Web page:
15. Irwin DE, Savitz DA, St André KA, Hertz-Picciotto I. Study of occupational risk factors for pregnancy-induced hypertension among active duty enlisted Navy personnel. Am J Ind Med. 1994;25:349–359
16. Saftlas AF, Logsden-Sackett N, Wang W, Woolson R, Bracken MB. Work, leisure-time physical activity, and risk of preeclampsia and gestational hypertension. Am J Epidemiol. 2004;160:758–765
17. Rudra CB, Sorensen TK, Luthy DA, Williams MA. A prospective analysis of recreational physical activity and preeclampsia risk. Med Sci Sports Exerc. 2008;40:1581–1588
18. Magnus P, Trogstad L, Owe KM, Olsen SF, Nystad W. Recreational physical activity and the risk of preeclampsia: a prospective cohort of Norwegian women. Am J Epidemiol. 2008;168:952–957
19. Østerdal ML, Strøm M, Klemmensen AK, et al. Does leisure time physical activity in early pregnancy protect against pre-eclampsia? Prospective cohort in Danish women. BJOG. 2009;116:98–107
20. Hegaard HK, Ottesen B, Hedegaard M, et al. The association between leisure time physical activity in the year before pregnancy and pre-eclampsia. J Obstet Gynaecol. 2010;30:21–24
21. Tyldum EV, Romundstad PR, Slørdahl SA. Pre-pregnancy physical activity and preeclampsia risk: a prospective population-based cohort study. Acta Obstet Gynecol Scand. 2010;89:315–320
22. Vollebregt KC, Wolf H, Boer K, van der Wal MF, Vrijkotte TG, Bonsel GJ. Does physical activity in leisure time early in pregnancy reduce the incidence of preeclampsia or gestational hypertension? Acta Obstet Gynecol Scand. 2010;89:261–267
23. Fortner RT, Pekow PS, Whitcomb BW, Sievert LL, Markenson G, Chasan-Taber L. Physical activity and hypertensive disorders of pregnancy among Hispanic women. Med Sci Sports Exerc. 2011;43:639–646
24. Nugteren JJ, Snijder CA, Hofman A, Jaddoe VW, Steegers EA, Burdorf A. Work-related maternal risk factors and the risk of pregnancy induced hypertension and preeclampsia during pregnancy. The Generation R Study. PLoS One. 2012;7:e39263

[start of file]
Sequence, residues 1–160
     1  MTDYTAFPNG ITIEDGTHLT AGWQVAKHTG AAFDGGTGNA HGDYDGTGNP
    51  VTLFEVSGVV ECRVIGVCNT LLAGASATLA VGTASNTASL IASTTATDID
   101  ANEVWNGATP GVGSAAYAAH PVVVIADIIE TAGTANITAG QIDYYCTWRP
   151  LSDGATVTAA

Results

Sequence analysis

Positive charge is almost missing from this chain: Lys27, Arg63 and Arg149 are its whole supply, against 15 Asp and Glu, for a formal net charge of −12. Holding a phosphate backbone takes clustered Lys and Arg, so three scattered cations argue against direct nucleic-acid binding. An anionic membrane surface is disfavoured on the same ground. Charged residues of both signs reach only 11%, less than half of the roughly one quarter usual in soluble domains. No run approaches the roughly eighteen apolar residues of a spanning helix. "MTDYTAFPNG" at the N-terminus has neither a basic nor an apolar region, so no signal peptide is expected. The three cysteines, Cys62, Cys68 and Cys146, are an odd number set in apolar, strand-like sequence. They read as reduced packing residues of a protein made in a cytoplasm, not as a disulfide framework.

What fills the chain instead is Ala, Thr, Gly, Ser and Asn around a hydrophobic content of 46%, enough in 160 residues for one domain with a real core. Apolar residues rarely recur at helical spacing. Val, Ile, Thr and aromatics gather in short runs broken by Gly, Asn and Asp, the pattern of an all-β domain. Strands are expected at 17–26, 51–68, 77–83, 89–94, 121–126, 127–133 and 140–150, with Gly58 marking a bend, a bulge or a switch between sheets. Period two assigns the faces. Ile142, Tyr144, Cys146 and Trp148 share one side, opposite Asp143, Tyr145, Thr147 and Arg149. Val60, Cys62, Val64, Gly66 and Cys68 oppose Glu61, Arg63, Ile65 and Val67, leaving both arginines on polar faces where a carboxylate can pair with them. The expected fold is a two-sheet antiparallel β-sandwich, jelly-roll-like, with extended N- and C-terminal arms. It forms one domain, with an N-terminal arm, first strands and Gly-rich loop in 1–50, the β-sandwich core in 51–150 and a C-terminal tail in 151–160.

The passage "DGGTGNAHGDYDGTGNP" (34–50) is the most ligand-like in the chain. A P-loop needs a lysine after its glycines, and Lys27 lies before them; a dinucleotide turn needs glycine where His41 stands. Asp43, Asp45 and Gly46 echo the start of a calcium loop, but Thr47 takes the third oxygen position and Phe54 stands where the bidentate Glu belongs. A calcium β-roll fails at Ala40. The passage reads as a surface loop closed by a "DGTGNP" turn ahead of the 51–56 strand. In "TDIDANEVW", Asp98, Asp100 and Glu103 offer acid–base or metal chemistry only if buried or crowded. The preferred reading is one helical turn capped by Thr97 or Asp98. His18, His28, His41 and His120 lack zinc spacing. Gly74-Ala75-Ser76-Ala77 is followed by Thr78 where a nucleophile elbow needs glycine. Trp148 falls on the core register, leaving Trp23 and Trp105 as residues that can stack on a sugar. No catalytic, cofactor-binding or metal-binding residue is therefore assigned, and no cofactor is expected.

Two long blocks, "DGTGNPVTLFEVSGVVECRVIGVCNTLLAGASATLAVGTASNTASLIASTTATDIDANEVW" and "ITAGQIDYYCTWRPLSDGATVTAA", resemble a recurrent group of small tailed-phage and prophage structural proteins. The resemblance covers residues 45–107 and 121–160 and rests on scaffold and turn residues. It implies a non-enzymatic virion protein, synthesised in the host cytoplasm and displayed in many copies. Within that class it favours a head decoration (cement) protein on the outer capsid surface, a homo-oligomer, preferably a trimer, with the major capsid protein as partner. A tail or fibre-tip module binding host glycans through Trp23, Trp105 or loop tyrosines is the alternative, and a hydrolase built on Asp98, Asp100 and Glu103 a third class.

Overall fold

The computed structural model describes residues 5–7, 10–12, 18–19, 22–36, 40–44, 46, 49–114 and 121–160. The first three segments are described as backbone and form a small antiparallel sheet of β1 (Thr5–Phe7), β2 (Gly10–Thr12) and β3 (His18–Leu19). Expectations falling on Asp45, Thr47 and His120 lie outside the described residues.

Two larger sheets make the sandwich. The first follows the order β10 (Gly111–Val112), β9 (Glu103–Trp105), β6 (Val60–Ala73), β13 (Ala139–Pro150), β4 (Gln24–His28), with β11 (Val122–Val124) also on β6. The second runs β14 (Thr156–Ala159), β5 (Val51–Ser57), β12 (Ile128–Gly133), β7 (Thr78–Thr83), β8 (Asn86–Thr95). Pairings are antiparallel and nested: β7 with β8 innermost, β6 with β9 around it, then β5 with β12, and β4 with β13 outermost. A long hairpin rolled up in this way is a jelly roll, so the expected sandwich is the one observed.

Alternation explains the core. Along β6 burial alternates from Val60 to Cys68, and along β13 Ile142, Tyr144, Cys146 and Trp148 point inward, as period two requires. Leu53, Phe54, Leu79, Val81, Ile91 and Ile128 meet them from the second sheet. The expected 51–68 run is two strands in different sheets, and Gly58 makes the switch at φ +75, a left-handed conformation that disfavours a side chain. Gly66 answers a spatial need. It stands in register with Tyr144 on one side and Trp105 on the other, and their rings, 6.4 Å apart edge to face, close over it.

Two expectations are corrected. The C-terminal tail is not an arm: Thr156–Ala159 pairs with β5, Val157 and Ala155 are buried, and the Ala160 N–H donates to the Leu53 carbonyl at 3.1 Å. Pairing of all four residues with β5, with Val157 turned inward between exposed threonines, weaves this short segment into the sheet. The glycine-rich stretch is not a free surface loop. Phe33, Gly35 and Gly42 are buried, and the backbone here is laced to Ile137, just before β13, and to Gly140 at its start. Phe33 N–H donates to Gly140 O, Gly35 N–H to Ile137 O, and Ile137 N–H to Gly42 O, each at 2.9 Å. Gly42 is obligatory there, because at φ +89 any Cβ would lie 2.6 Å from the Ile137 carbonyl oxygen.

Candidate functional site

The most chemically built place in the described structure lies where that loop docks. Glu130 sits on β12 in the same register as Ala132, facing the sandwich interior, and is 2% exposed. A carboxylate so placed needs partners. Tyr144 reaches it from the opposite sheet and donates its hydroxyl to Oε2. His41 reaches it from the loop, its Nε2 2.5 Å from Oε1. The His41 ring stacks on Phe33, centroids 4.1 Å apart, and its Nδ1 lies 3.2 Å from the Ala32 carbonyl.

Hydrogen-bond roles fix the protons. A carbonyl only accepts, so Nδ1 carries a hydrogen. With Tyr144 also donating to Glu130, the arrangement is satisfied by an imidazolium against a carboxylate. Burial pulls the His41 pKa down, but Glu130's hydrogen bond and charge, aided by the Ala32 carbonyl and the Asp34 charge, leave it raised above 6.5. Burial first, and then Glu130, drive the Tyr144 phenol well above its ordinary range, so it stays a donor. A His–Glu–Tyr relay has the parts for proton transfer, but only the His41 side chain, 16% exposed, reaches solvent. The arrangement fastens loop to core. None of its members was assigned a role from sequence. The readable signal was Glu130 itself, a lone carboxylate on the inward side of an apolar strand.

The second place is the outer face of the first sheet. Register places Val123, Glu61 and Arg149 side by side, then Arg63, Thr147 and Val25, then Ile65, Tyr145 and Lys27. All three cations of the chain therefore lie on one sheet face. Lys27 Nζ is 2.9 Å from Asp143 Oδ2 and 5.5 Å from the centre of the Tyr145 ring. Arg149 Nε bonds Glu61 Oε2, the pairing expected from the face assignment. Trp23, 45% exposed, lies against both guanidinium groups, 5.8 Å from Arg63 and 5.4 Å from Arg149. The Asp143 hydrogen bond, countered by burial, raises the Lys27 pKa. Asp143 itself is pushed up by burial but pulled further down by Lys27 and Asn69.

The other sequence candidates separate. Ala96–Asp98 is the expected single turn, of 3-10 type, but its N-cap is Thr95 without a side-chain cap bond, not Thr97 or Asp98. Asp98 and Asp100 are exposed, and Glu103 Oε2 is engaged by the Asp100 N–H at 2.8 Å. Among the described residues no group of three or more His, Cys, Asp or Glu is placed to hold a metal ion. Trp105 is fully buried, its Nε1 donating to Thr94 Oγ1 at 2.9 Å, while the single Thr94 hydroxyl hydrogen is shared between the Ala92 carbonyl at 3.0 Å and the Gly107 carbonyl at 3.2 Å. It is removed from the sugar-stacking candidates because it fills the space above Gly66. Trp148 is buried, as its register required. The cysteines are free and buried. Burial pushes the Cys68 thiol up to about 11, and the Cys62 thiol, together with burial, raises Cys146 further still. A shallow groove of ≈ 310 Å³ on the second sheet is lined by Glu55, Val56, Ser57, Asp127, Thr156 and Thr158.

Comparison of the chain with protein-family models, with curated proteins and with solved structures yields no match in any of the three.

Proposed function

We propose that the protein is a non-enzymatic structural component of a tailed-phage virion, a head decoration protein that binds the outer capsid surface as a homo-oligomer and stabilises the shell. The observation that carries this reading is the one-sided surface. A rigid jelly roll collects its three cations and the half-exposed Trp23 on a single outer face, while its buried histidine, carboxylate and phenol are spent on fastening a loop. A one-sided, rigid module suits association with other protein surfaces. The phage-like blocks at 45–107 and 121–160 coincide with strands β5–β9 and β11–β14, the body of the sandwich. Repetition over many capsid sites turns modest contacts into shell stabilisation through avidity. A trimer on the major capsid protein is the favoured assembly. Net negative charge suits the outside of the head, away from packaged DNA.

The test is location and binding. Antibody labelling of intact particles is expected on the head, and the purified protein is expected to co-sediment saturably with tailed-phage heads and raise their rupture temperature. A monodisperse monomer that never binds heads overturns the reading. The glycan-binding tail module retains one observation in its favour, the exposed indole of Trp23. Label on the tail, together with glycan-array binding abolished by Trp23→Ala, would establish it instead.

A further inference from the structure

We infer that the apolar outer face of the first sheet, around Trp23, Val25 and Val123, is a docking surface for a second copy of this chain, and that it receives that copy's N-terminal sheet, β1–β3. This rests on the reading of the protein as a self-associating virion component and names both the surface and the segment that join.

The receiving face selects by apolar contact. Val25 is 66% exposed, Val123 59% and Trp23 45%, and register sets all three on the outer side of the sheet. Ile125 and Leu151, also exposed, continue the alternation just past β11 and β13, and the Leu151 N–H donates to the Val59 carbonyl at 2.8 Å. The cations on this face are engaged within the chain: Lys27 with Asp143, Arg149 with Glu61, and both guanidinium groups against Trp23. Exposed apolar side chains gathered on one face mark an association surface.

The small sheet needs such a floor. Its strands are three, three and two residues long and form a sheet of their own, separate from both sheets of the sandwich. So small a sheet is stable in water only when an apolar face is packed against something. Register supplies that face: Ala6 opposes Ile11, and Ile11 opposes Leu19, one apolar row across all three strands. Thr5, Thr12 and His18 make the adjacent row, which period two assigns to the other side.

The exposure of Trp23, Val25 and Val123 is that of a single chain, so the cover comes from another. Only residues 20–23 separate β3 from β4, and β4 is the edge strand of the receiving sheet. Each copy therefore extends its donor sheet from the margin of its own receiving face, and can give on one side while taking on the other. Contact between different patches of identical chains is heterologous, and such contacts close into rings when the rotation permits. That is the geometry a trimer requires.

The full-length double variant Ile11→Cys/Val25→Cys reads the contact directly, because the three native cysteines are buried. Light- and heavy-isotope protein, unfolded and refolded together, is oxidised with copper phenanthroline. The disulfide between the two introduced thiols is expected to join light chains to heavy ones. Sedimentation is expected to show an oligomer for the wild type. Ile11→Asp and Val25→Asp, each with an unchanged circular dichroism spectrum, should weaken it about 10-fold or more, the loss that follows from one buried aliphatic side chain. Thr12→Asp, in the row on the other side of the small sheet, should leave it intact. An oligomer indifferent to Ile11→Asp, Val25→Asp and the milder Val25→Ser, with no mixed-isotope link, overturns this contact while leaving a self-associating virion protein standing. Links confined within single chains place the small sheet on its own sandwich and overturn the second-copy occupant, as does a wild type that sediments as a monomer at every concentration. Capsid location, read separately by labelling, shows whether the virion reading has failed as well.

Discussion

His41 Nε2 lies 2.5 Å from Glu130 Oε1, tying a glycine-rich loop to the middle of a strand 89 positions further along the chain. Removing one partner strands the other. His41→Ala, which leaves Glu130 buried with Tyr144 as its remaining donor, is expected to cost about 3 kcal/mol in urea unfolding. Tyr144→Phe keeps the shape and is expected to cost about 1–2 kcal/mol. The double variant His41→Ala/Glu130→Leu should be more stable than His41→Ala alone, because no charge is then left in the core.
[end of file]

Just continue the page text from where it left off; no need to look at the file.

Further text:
25. Liu J, Trivedi T, Blair SN, Ness A, Macdonald-Wallis C, Lawlor DA. Physical activity and hypertensive disorders of pregnancy among British women. Am J Epidemiol. 2012;175(11 suppl):S22 (Abstract 086)
26. Longo-Mbenza B, Tshimanga KB, Buassa-bu-Tsumbu B, Kabangu MJ. Diets rich in vegetables and physical activity are associated with a decreased risk of pregnancy induced hypertension among rural women from Kimpese, DR Congo. Niger J Med. 2008;17:265–269
27. Marcoux S, Brisson J, Fabia J. The effect of leisure time physical activity on the risk of pre-eclampsia and gestational hypertension. J Epidemiol Community Health. 1989;43:147–152
28. Sorensen TK, Williams MA, Lee IM, Dashow EE, Thompson ML, Luthy DA. Recreational physical activity during pregnancy and risk of preeclampsia. Hypertension. 2003;41:1273–1280
29. Haelterman E, Marcoux S, Croteau A, Dramaix M. Population-based study on occupational risk factors for preeclampsia and gestational hypertension. Scand J Work Environ Health. 2007;33:304–317
30. Fang R, Dawson A, Lohsoonthorn V, Williams MA. Risk factors of early and late onset preeclampsia among Thai women. Asian Biomed (Res Rev News). 2009;3:477–486
31. Meher S, Duley L. Exercise or other physical activity for preventing pre-eclampsia and its complications. Cochrane Database Syst Rev. 2006:CD005942